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Seen and Heard Prom Review

PROM 1: Berlioz, Mendelssohn, Elgar, Tippett Soloists, BBC Symphony Chorus & Orchestra/Sir Roger Norrington, Royal Albert Hall, 15 July, 2005 (CC)

 

 

Sir Roger Norrington's speech on the recent London bombings (which he referred to as 'last Thursday's tragedy') pointed out the aptness of Tippett's Child of our Time, which formed the second half of the concert. It is a work that examines the destructive outcomes of clashing ideologies and could hardly be more fitting. Norrington's timing was perfect. The speech actually preceded Elgar's overture Cockaigne, the work that ended the first half. Subtitled, 'In London Town', it celebrates the greatness of this wonderful city.

 

A pity then that the actual performance of this Elgar was the weak point of a very strong programme. Stumbling into life, bleary-eyed, the whole affair was low-voltage, and the langorous passages tended towards the over-indulgent. If the marching band episode was fairly loud, this was a band certainly not in full cry and decidedly unjubilant – a shame, as this represents the colour and pageantry at the heart of Elgar's London. Norrington's take on Cockaigne is strangely, rather unnervingly, diffuse, his sagging nobilmente rather on the tepid side.

 

All the more of a pity when one considers the excellence of the rest of the first half. Berlioz' Le Corsaire Overture, despite a scrappy start, had real life. The light violins (vibrato, of course, at an absolute minimum spoke of Norrington through and through). I liked Norrington's pirate-like swish, sword-like, of his baton at the audience at the end.

 

So to the triumph of the First Night First Half – Janine Jansen's Mendelssohn. Jansen's tone was simply gorgeous, with a burnished edge that was most appealing. Most importantly, her approach was an intrinsically human one – not a trace of the automaton or virtuoso show-off here (Gil Shaham ruined an otherwise fine account with an insubstantial finale in 2003). The rapport between Jansen and Norrington was palpable. Full agreement on chamber-music delicacy and transparency (never have I heard the orchestral contribution with such textural detail) meant that pianissimi could really sit on the threshold of audibility. The playful finale had a real thread of energy running through it.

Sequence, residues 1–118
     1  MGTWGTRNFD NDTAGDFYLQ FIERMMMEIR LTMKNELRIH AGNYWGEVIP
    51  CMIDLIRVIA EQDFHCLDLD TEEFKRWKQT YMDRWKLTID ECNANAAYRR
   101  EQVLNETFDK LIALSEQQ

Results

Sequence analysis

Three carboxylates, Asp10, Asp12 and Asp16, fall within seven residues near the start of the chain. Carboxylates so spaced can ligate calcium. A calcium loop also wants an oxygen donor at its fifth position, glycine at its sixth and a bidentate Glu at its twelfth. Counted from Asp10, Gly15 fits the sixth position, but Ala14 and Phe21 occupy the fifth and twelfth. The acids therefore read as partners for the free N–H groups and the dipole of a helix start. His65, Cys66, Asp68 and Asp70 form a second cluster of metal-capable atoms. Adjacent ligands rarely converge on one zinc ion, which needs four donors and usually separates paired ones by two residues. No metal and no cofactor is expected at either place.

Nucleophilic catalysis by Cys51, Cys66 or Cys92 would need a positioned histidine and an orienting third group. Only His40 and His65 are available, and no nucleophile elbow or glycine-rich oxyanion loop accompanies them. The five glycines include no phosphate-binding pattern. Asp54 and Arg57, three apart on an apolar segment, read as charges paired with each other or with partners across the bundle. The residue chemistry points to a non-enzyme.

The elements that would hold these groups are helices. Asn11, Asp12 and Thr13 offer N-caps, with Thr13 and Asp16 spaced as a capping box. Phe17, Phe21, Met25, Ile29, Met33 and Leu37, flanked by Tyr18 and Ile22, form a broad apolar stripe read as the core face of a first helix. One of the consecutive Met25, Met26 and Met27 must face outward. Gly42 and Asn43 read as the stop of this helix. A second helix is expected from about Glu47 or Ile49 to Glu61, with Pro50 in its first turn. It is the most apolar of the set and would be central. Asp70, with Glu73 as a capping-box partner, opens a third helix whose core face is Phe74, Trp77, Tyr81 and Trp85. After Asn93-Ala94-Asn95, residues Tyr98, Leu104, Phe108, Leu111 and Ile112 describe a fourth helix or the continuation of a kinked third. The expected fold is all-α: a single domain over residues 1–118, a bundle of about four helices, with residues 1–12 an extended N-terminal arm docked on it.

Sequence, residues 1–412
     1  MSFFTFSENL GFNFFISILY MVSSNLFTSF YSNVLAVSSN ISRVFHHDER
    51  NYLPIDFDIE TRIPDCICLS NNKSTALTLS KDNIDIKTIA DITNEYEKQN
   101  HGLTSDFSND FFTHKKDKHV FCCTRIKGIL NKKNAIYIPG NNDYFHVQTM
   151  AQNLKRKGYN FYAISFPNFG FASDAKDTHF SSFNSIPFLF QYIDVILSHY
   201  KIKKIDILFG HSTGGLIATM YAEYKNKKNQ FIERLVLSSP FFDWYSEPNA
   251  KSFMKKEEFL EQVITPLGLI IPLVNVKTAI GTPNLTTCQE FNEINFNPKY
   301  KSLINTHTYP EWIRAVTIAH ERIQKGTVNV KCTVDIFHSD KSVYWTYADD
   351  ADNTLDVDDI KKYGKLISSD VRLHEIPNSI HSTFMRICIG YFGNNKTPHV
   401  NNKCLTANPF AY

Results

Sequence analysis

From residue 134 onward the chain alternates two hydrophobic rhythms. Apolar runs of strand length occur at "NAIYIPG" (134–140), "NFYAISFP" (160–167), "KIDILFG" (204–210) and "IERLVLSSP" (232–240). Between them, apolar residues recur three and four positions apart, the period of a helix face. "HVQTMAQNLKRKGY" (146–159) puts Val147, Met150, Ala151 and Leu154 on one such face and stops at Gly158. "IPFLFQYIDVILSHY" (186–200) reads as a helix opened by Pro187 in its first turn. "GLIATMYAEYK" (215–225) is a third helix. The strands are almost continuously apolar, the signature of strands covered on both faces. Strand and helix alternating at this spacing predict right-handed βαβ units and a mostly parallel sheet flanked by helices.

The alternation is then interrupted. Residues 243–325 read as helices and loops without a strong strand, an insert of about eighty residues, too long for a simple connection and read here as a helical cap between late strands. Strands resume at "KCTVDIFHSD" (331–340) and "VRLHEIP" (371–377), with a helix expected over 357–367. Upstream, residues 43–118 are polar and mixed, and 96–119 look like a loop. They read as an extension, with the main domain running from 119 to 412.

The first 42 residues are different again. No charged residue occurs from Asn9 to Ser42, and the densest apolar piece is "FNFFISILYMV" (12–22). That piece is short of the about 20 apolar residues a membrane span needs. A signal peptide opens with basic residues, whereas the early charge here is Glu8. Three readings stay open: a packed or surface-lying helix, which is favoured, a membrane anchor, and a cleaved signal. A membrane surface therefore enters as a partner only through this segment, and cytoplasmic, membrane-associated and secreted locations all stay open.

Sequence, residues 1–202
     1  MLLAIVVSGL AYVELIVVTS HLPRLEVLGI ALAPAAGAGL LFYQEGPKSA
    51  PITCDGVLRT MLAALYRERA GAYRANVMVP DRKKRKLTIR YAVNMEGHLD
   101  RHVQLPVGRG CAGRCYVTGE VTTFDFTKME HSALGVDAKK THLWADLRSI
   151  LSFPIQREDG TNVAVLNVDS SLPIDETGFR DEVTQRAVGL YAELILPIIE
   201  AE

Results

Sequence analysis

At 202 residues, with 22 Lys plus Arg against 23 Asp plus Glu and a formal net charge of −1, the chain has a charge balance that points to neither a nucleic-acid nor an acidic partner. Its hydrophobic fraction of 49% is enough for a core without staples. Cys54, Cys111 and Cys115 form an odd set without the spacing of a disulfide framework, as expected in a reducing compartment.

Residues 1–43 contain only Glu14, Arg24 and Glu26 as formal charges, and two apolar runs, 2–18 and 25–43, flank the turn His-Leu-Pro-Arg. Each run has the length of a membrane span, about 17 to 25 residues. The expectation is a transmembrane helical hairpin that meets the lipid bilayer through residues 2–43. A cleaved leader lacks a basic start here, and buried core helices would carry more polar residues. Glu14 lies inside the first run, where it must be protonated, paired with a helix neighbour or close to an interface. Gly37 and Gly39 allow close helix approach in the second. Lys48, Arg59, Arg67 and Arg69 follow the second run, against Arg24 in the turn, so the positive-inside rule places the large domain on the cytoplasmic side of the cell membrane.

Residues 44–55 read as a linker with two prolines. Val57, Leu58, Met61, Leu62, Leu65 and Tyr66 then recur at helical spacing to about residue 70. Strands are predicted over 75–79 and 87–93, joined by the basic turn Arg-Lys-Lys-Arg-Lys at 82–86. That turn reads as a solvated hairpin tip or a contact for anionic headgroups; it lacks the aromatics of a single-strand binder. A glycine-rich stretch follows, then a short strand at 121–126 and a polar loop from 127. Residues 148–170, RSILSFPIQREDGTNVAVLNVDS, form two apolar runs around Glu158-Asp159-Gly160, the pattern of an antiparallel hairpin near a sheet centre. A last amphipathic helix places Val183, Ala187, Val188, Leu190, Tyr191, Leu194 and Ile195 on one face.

Tippett's Child of Our Time, is a response to both the assassination of a Nazi diplomat by a teenage Jewish boy and also the resultant Nazi Reichskristallnacht. The soloists were the excellent American soprano Indra Thomas, the BBC New Generation Artist, mezzo Christine Rice and the perhaps better-known Ian Bostridge and Willard White to complete the line-up.

 

The piece is impeccably structured, and the use of Spirituals 'in place of' Bach Chorales is most effective. This is, perhaps, Tippett's finest work (although Midsummer Marriage to my mind vies with that title). The chorus is mightily important, and the BBC Symphony Chorus excelled. Norrington guided his forces well (despite one false oboe entry) and paced Tippett's piece with expertise. Indra Thomas seemed absolutely at home in the Spirituals (positively embarrassing Bostridge on one occasion). Christine Rice proved an acceptable mezzo after a nervous start and Willard White brought a wealth of experience to make the Narrator's contributions remarkably moving. Only Ian Bostridge was a real disappointment, seeming weak of voice at times. The characteristic attention to diction was there (the famous 'I have no money for my bread' solo, for example) but involvement lay at a minimum.

 

This was a powerful performance with a depth that I had not entirely expected from Sir Roger. All bodes well for the 2005 Season, then.

 

 

Colin Clarke

 



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